Think Out Loud

Oregon Humane Society expands services, plans to open a pet hospital

By Elizabeth Castillo (OPB)
Oct. 13, 2022 4:51 p.m. Updated: Oct. 20, 2022 9:06 p.m.

Broadcast: Thursday, Oct. 13

The Oregon Humane Society is opening a pet hospital this month.

The Oregon Humane Society is opening a pet hospital this month.

Courtesy of Oregon Humane Society

The Oregon Humane Society will be opening a new community veterinary hospital in Portland. It will offer accessible and affordable pet care, according to the organization. Nationwide, veterinary practices continue to face staffing shortages and burnout. And some pet owners are having a hard time keeping up with the cost of services. We hear more about the hospital from Sharon Harmon, the president and CEO of the Oregon Humane Society and Stephen Kochis, the chief medical officer of the organization.


The following transcript was created by a computer and edited by a volunteer:

Dave Miller: A few weeks ago, we talked to two veterinarians who’d come to Portland for a national conference. We heard about the challenges that people often face in paying for care for their pets as well as burnout among providers. It turns out that the Oregon Humane Society has been thinking about both of these issues in recent years and they are central to the nonprofit’s new expansion, the largest in its 153 year history. The expansion includes a new community veterinary hospital, which will offer discounted care and an animal crimes forensic center. Joining us to talk about these changes are Sharon Harmon, the president and CEO of the Oregon Humane Society, and Steven Kochis, its chief medical officer. Welcome to Think Out Loud.

Sharon Harmon: Thank you so much.

Steven Kochis: Thank you.

Miller: Sharon Harmon, first. Can you give us a sense for the scale of this expansion?

Harmon: The scale of this expansion is nothing short of ginormous. We have an existing hospital that’s 5,000 square feet that serves the animals that are part of the Oregon Humane Society’s programs in addition to a low-income cat spay program. This one is targeting the community in general with a real focus on helping people keep their pets when they can’t afford medical care. It’s about 16,000 square feet of additional very high tech medical space and there are other programs that constitute almost 35,000 square feet of additional real estate for the Oregon Humane Society to do even more, even bigger and even further into our community.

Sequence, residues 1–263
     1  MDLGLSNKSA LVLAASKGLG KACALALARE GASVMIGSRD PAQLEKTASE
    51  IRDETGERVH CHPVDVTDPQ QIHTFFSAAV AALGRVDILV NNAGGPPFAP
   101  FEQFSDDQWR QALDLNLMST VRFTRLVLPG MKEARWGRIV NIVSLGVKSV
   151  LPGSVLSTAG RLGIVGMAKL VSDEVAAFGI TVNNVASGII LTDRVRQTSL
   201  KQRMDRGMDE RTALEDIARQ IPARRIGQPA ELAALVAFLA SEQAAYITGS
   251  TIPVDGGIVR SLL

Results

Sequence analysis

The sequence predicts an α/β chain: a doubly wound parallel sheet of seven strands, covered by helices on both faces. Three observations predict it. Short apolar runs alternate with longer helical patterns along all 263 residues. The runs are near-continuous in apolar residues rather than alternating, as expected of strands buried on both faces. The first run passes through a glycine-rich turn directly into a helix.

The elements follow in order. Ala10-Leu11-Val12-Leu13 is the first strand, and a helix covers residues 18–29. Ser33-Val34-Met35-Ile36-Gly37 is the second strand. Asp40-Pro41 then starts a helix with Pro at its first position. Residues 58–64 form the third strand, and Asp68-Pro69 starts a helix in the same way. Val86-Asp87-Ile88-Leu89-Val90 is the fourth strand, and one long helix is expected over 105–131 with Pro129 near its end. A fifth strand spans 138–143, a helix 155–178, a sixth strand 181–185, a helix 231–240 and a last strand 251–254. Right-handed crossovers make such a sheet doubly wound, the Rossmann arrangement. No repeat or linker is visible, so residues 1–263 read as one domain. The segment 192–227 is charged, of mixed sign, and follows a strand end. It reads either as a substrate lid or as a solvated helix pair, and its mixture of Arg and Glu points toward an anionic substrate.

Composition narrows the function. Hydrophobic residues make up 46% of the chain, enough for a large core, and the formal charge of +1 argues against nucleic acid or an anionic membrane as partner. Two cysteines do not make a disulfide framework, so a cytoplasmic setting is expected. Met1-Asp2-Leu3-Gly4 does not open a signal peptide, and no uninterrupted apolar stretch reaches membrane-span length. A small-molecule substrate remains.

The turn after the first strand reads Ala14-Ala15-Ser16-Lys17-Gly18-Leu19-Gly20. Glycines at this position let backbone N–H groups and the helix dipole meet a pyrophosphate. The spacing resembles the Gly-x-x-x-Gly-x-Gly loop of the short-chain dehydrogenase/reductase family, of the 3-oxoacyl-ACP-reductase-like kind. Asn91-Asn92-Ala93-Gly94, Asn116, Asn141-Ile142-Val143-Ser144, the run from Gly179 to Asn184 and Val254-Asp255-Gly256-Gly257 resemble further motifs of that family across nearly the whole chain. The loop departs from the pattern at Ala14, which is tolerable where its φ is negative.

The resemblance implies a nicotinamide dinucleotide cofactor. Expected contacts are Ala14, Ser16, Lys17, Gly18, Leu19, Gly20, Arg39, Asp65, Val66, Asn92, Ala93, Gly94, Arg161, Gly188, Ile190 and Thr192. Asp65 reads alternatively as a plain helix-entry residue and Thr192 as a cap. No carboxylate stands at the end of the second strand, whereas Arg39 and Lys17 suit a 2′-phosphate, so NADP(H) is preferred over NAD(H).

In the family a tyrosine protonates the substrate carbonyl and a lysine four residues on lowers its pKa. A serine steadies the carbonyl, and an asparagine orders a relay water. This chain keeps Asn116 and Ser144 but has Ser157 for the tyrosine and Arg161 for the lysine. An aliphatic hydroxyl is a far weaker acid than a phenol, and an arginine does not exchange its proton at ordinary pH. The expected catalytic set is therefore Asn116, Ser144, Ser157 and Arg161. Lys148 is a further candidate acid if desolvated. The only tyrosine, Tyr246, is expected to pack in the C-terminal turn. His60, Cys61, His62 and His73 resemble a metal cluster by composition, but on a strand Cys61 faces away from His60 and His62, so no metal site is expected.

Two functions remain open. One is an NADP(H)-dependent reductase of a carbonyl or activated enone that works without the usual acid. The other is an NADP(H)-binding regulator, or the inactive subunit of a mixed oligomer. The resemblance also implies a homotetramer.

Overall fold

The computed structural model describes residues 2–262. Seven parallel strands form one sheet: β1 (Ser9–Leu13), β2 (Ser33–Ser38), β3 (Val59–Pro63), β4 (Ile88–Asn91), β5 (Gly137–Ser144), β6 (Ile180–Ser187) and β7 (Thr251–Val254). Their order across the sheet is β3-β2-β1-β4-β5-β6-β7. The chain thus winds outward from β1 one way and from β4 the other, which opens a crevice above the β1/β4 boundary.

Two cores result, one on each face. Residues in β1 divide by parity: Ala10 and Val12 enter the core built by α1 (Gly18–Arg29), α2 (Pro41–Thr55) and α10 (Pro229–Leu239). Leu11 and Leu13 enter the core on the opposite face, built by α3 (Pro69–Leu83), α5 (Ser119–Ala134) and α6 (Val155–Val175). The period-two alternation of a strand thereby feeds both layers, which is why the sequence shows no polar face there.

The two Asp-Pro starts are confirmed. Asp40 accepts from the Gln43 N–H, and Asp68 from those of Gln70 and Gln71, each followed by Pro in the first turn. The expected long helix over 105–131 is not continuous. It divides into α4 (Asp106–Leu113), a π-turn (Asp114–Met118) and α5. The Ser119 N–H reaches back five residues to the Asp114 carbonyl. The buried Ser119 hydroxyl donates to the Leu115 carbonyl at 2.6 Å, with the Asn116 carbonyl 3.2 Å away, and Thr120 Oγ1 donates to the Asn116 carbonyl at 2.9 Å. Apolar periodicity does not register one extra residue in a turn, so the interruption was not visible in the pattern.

Miller: Steve Cochis, what kinds of services will you be offering at this new hospital?

Cochis: I’d like for people to think of it as they would their primary care veterinarian or general practice – everything from surgery, dentistry, preventative healthcare to even urgent care. So you’ve got a sick pet that needs to be seen on the same day or within the next day or two, then we kind of want to be all of those things to the community. We have ultrasound, digital imaging, full dental equipment, a full lab, pharmacy; we’ve got everything here.

Miller: How big of a discount are you prepared to offer people?

Cochis: Honestly, it really depends on the needs of the client. We have a subsidized care program based on financial need. We offer several different tiers of discount, but honestly, if there’s a patient or a client in front of us that needs help, we’re going to figure out a way to help them, regardless of what kind of money they have in front of them.

Miller: Sharon Harmon, how is this going to work financially? If some people are going to pay next to nothing and some people I imagine might pay full price depending on need, how can you make it sustainable?

Harmon: And that is the key – is to create a program that is sustainable. We are working on our experience since 2010 of working with low-income clients. Some folks can pay something. Some folks can pay a little, some folks can pay a lot. We’re targeting to have 40-50% of our clients receive some level of subsidy and the remainder be full-pay clients. So that when you come here, that your fee for veterinary services is not only going to get you great care, but it’s also going to help the next family behind you, perhaps keep their pet, perhaps have that pet live a longer, happier and certainly healthier life.

Miller: How do you create that patient mix?


Harmon: That’s going to be a really interesting process for us. The good news is that we have advantages that private practitioners don’t. One of the things we can leverage is our volunteer work in our existing hospital. They do everything from pack and prep and inventory and patient recovery and moving animals through the shelter. And that helps us be a little more economical and then gives us opportunities to provide that care that other practitioners don’t have.

Miller: Stephen Cochis, you want to say something.

Cochis: Yeah, I’m just going to add some additional color to that. We are also a teaching facility, so we have the advantage of working with two shelter medicine interns. We also teach students that will help augment the care team. Sharon said, we have volunteers. Our connection to Oregon State University, as well as the fact that we’re a nonprofit, gives us some advantages with pricing and some of our vendor relationships that we can take advantage of to offset some of our costs.